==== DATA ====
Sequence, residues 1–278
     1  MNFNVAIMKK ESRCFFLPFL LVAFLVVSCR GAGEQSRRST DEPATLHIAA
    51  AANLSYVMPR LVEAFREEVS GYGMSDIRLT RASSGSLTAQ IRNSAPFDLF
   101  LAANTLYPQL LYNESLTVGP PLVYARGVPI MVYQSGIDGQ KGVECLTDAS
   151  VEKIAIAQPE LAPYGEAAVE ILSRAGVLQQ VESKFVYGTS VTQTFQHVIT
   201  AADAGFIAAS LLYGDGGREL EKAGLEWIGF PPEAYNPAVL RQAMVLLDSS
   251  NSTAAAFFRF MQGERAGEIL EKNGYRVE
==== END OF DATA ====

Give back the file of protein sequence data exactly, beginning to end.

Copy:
Sequence, residues 1–278
     1  MNFNVAIMKK ESRCFFLPFL LVAFLVVSCR GAGEQSRRST DEPATLHIAA
    51  AANLSYVMPR LVEAFREEVS GYGMSDIRLT RASSGSLTAQ IRNSAPFDLF
   101  LAANTLYPQL LYNESLTVGP PLVYARGVPI MVYQSGIDGQ KGVECLTDAS
   151  VEKIAIAQPE LAPYGEAAVE ILSRAGVLQQ VESKFVYGTS VTQTFQHVIT
   201  AADAGFIAAS LLYGDGGREL EKAGLEWIGF PPEAYNPAVL RQAMVLLDSS
   251  NSTAAAFFRF MQGERAGEIL EKNGYRVE